Department of Clinical and Experimental Medicine, University of Messina, Messina, Italy.

Background: Hereditary transthyretin amyloidosis (hATTR), alias ATTR variant (ATTRv) is a severe and disabling disease causing sensory and motor neuropathy, autonomic dysfunction, and cardiomyopathy. The progressive decline of patient's functional autonomy negatively affects the patient's quality of life and requires increasing involvement of relatives in the patient's daily life. Family caregiving may become particularly demanding when the patient is no longer able to move independently. This study is focused on the psychosocial aspects of ATTRv from the patient and relative perspectives. In particular, it explored: the practical and psychological burdens experienced by symptomatic patients with ATTRv and their key relatives and the professional and social network support they may rely on; whether burden varied in relation to patients' and relatives' socio-demographic variables, patients' clinical variables, and perceived professional and social network support; and, any difference in burden and support between patients and their matched relatives.

Methods: The study was carried out on symptomatic patients included in the ATTRv Italian national registry and living with at least one adult relative not suffering from severe illness and being free from ATTRv symptoms. Patients and relatives' assessments were performed using validated self-reported tools.

Results: Overall, 141 patients and 69 relatives were evaluated. Constraints of leisure activities, feelings of loss and worries for the future were the consequences of ATTRv most frequently reported by patients and relatives. Both in patients and their relatives, the burden increased with the duration of symptoms and the level of help in daily activities needed by the patient. In the 69 matched patient-relative pairs, the practical burden was significantly higher among the patients than among their relatives, while the psychological burden was similar in the two groups. Moreover, compared to their relatives, patients with ATTRv reported higher levels of professional and social network support.

Conclusions: These results show that ATTRv is a disease affecting quality of life of both patients and their families. Supporting interventions should be guaranteed to patients, to facilitate their adaptation to the disease, and to their families, to cope as best as possible with the difficulties that this pathology may involve.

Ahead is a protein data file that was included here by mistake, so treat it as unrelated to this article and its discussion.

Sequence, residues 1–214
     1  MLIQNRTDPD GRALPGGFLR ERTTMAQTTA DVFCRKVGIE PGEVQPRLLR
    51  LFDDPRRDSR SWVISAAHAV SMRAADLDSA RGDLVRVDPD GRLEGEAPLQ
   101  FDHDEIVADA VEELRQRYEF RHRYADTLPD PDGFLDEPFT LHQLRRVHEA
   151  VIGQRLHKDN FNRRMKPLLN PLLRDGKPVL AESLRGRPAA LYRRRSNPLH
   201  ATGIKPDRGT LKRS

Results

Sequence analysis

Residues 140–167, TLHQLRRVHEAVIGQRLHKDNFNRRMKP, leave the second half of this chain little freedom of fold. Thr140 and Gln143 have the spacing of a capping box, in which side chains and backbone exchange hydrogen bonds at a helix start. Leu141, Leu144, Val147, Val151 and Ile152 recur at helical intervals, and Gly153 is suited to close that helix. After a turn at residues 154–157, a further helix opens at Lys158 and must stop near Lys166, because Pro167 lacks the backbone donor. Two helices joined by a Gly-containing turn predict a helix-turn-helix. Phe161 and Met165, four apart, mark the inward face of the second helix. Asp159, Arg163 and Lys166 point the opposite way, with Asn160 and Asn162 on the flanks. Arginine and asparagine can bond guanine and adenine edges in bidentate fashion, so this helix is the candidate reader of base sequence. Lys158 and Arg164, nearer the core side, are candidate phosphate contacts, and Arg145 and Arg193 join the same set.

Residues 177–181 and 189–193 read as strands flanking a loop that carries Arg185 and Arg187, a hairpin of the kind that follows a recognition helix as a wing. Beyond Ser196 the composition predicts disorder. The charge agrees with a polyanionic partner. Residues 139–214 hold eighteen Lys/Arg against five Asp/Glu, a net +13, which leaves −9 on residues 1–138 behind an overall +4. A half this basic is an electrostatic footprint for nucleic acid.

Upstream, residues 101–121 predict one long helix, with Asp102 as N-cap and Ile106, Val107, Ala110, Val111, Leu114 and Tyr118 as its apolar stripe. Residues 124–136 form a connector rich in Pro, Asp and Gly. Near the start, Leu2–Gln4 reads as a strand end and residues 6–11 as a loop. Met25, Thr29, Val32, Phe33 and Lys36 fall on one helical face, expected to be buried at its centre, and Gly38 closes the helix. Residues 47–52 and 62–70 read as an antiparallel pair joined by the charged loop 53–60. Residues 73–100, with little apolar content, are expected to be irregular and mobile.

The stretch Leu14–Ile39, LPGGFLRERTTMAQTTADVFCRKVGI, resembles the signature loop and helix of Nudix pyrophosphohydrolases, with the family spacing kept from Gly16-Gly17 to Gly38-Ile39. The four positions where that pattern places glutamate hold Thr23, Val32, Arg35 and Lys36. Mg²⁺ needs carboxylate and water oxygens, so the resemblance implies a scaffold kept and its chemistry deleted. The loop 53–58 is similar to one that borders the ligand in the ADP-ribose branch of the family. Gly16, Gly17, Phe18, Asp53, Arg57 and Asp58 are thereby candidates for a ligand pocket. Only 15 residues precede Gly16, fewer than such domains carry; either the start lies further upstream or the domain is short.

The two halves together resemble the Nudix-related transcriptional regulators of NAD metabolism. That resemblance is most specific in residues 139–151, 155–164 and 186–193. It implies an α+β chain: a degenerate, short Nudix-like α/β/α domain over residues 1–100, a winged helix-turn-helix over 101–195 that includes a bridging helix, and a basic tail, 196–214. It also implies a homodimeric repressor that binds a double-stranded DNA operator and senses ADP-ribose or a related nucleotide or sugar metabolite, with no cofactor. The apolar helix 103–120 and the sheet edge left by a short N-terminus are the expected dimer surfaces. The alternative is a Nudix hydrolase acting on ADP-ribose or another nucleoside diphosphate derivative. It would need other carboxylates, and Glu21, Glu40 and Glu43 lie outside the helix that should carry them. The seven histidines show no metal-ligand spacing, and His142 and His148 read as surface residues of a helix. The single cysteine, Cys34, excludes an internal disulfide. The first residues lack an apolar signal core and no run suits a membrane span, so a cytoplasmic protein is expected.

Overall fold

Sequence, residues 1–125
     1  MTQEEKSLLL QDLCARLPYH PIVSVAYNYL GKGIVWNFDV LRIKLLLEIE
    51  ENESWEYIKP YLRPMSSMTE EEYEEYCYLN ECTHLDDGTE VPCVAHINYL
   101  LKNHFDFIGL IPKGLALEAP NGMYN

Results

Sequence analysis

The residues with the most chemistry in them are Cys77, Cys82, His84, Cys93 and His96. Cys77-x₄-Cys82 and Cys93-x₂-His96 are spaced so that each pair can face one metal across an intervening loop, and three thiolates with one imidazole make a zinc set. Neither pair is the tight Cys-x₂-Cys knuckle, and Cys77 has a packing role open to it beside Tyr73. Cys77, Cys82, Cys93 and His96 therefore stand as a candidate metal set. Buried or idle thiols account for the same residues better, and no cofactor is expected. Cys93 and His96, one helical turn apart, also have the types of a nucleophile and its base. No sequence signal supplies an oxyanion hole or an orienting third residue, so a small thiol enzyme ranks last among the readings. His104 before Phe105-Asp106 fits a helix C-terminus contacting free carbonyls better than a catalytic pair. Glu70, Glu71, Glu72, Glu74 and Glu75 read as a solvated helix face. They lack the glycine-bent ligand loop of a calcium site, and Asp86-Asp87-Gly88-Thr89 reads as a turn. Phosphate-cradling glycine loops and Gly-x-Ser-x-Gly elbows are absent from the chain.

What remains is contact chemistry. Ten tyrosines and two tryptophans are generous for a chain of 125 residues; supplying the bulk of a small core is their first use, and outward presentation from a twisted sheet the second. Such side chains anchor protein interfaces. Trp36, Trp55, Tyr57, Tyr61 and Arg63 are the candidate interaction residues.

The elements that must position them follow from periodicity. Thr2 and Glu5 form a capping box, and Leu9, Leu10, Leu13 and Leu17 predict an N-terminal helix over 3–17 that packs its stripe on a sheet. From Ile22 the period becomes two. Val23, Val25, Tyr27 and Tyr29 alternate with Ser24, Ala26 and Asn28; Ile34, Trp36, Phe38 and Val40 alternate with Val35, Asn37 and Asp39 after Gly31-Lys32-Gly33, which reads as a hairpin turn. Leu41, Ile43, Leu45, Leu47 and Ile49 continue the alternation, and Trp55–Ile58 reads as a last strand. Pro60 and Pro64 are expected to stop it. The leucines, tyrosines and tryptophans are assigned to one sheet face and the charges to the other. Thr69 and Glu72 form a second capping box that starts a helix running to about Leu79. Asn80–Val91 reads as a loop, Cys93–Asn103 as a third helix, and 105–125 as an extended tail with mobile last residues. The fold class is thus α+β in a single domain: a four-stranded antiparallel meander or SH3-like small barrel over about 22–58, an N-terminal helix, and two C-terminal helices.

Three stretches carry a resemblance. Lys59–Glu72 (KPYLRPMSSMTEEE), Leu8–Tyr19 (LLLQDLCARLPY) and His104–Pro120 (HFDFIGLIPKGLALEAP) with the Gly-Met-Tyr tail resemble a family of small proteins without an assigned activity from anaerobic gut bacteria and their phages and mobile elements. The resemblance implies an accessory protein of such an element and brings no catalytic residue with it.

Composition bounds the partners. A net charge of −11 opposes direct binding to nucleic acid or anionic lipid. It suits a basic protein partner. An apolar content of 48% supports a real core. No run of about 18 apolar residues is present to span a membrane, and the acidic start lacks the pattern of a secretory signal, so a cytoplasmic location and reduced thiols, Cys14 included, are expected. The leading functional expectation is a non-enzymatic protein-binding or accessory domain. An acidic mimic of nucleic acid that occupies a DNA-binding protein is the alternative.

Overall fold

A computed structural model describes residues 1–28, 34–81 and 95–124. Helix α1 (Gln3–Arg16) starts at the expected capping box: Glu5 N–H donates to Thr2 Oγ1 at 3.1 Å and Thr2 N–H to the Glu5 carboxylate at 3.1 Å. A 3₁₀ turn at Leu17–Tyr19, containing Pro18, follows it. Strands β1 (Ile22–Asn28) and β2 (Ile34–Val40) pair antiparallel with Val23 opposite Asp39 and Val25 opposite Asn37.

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http://dx.doi.org/10.1186/s13023-021-01812-6DOI Listing
http://www.ncbi.nlm.nih.gov/pmc/articles/PMC8028211PMC
April 2021

Design and Rationale of the Global Phase 3 NEURO-TTRansform Study of Antisense Oligonucleotide AKCEA-TTR-L (ION-682884-CS3) in Hereditary Transthyretin-Mediated Amyloid Polyneuropathy.

Neurol Ther 2021 Jun 26;10(1):375-389. Epub 2021 Feb 26.

Division of Hematology, Department of Internal Medicine, Mayo Clinic, Rochester, MN, USA.

Introduction: AKCEA-TTR-L is a ligand-conjugated antisense (LICA) drug in development for the treatment of hereditary transthyretin amyloidosis (hATTR), a fatal disease caused by mutations in the transthyretin (TTR) gene. AKCEA-TTR-L shares the same nucleotide sequence as inotersen, an antisense medicine approved for use in hATTR polyneuropathy (hATTR-PN). Unlike inotersen, AKCEA-TTR-L is conjugated to a triantennary N-acetylgalactosamine moiety that supports receptor-mediated uptake by hepatocytes, the primary source of circulating TTR. This advanced design increases drug potency to allow for lower and less frequent dosing. The NEURO-TTRansform study will investigate whether AKCEA-TTR-L is safe and efficacious, with the aim of improving neurologic function and quality of life in hATTR-PN patients.

Methods/design: Approximately 140 adults with stage 1 (independent ambulation) or 2 (requires ambulatory support) hATTR-PN are anticipated to enroll in this multicenter, open-label, randomized, phase 3 study. Patients will be assigned 6:1 to AKCEA-TTR-L 45 mg subcutaneously every 4 weeks or inotersen 300 mg once weekly until the prespecified week 35 interim efficacy analysis, after which patients receiving inotersen will receive AKCEA-TTR-L 45 mg subcutaneously every 4 weeks. All patients will then receive AKCEA-TTR-L through the remainder of the study treatment period. The final efficacy analysis at week 66 will compare the AKCEA-TTR-L arm with the historical placebo arm from the phase 3 trial of inotersen (NEURO-TTR). The primary outcome measures are between-group differences in the change from baseline in serum TTR, modified Neuropathy Impairment Score + 7, and Norfolk Quality of Life-Diabetic Neuropathy questionnaire.

Conclusion: NEURO-TTRansform is designed to determine whether targeted delivery of AKCEA-TTR-L to hepatocytes with lower and less frequent doses will translate into clinical and quality-of-life benefits for patients with hATTR-PN.

Trial Registration: The study is registered at ClinicalTrials.gov (NCT04136184) and EudraCT (2019-001698-10).
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http://dx.doi.org/10.1007/s40120-021-00235-6DOI Listing
http://www.ncbi.nlm.nih.gov/pmc/articles/PMC8140170PMC
June 2021

Structure dynamics of ApoA-I amyloidogenic variants in small HDL increase their ability to mediate cholesterol efflux.

J Lipid Res 2020 Nov 24;62:100004. Epub 2020 Nov 24.

Department of Experimental Medical Science, Lund University, Lund, Sweden. Electronic address: